It’s not a great time for the X-Men. In the comics, they’re once more an endangered species, potentially wiped out in a generation due to the M-Pox. In the real world, they have been in steady decline in popularity since their early- ‘90s heyday, with The Avengers once more Marvel’s flagship team of heroes.
As for the characters themselves, once popular mutants have gone from prominence to mere background characters, and others have pretty much disappeared altogether. Some of the characters in this list have been the focus of a major storyline, or were designed to be a major player moving forwards, only to have been discarded for years at a time by new writers. Some have disappeared altogether, with little or no mention of them since their initial stories.
But, given that every one of Marvel’s merry mutants deserves their moment, we put the spotlight on some beloved, if largely forgotten about characters from the X-Men’s long history. So, here’s 16 Mutants Who Just Disappeared From The Comics.
When Omega Red was first introduced by Jim Lee, he was intended to be the definitive foe for Wolverine. Unlike Wolverine’s other arch-enemy Sabretooth, Omega Red had never been a teammate but was engineered by the Soviet equivalent of the Weapon X division that turned Logan into Wolverine.
Omega Red was physically stronger than Wolverine, with coils in his forearms to counter Wolverine’s Adamantium claws. He also possessed a death-factor which served as an opposite to Wolverine’s own healing factor. In every way, Omega Red was intended to be an ultimate nemesis for everyone’s favourite mutant berserker.
While their first encounter in the modern era was brutal, it ended with the X-Men rescuing Wolverine from Omega Red, with the two destined to meet again for an epic rematch. Only, Jim Lee left X-Men almost immediately after Omega Red’s introduction and his subsequent appearances have been dealt with by dozens of other writers, each less keen to use him as an arch-villain, preferring to put Sabretooth in that role. While he has appeared from time to time in the many years since his introduction, it’s often as a henchman or pawn in an equally forgettable villain’s plan. Considering his introduction, it’s a waste of his potential.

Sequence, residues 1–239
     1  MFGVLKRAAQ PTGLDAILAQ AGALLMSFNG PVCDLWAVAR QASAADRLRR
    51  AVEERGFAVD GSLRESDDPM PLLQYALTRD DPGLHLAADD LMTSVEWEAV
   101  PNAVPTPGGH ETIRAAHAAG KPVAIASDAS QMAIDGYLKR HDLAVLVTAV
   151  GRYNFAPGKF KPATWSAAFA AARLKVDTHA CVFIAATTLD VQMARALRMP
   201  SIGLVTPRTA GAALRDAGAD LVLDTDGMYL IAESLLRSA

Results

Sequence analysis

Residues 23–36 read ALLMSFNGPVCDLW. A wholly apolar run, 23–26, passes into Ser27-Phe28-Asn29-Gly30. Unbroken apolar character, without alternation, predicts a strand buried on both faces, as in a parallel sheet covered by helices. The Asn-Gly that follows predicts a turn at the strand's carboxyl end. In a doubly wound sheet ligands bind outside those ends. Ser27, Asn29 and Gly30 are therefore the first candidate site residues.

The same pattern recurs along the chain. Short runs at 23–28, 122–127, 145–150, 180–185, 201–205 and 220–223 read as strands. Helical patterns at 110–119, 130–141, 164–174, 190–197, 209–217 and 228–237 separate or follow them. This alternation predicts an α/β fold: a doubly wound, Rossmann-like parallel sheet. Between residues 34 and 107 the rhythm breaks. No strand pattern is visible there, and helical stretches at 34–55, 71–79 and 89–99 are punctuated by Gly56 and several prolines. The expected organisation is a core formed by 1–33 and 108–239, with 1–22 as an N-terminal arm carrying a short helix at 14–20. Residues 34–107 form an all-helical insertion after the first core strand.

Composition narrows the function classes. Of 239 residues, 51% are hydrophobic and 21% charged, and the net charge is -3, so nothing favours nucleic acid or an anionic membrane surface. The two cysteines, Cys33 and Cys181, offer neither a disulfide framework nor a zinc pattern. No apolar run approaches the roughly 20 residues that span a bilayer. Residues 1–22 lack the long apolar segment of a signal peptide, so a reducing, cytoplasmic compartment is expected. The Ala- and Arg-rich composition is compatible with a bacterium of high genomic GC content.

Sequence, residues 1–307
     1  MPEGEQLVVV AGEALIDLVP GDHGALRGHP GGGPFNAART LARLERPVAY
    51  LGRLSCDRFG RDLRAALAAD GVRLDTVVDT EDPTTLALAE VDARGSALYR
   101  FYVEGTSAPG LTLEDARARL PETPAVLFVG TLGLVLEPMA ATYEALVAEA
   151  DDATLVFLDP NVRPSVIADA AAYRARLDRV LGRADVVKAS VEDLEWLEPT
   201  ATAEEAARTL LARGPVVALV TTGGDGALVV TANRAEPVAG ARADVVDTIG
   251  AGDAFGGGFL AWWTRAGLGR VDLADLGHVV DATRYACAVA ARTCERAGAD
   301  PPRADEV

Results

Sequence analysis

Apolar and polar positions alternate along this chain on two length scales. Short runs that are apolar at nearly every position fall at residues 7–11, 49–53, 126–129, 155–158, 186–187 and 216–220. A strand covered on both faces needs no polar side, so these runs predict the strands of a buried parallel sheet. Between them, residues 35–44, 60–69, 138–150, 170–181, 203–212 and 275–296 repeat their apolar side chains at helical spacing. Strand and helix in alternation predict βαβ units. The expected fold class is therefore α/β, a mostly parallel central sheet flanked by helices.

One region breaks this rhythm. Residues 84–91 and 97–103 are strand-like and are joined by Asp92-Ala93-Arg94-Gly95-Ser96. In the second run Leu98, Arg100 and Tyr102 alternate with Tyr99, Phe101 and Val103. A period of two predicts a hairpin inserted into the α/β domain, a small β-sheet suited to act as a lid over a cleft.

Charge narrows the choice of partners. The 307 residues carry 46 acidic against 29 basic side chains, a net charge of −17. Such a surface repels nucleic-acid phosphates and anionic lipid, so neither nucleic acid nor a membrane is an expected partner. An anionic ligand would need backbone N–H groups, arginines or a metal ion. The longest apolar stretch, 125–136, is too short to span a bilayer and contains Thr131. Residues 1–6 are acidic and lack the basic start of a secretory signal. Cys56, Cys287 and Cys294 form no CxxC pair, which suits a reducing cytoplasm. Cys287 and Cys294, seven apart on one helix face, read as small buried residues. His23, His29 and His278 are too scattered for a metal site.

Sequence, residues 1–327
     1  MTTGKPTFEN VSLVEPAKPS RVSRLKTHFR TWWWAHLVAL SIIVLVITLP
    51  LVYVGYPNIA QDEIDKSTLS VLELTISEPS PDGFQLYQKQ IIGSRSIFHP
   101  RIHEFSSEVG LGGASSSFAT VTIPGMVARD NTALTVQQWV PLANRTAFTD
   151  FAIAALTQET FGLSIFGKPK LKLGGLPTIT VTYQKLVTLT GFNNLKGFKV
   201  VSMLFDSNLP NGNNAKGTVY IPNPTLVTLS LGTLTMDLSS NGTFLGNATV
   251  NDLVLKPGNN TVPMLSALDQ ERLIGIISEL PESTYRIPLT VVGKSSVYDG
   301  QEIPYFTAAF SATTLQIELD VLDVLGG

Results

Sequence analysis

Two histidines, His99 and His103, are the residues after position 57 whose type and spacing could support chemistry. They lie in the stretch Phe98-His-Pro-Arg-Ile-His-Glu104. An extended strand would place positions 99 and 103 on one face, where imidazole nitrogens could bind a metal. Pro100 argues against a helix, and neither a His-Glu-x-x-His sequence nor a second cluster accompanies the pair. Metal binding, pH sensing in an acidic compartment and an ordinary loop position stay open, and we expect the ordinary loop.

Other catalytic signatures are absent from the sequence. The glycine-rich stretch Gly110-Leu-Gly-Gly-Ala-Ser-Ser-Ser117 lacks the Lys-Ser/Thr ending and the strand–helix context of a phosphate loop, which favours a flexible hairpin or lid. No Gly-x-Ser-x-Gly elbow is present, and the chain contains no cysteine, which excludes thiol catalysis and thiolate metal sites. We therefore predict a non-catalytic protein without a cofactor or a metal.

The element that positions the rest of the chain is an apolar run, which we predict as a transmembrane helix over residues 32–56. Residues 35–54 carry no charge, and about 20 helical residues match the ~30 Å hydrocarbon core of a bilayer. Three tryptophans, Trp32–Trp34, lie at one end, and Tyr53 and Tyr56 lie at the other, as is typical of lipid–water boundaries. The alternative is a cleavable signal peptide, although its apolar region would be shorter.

Xorn appeared around the same time Marvel got desperate to revive X-Men and gave creative control of their former flagship title over to Grant Morrison. Depending on who you ask, that was either their smartest move, or their dumbest. Either way, the notorious Grant Morrison era is still being debated to this day, some 15 years later.
In the mess of Cyclops’ psychic affair with the White Queen and Xavier’s previously unknown twin sister, came Xorn. Seemingly a Chinese mutant with a tiny star where his brain should be, Xorn quickly became an X-Man and teacher at Xavier’s school. Teaching a class of very special students, Xorn began to manipulate certain events until he was revealed to be Magneto who was hiding in plain sight with a helmet shielding his thoughts from the three most powerful psychics in the world.
He was defeated, and that should have been that. But it later transpired that a second Xorn was the brother of the first and claimed the original had been impersonating Magneto, not the other way around. Undoing everything Morrison had written.
The first Xorn reappeared briefly as a guiding force in what became known as The Collective, before being thrown into the sun by The Sentry. While the second Xorn has reappeared, thankfully the first one seems to have stayed dead.
Sage, also known as Tessa, is a walking computer with the secondary ability to jump-start latent mutations or secondary mutations in existing mutants.
She served as a spy, secretly working for Xavier, undercover in the Hellfire Club where she became a lieutenant to its master, Sebastian Shaw. Over the years, she came to serve his son, Shinobi, when he briefly assumed control of the organisation.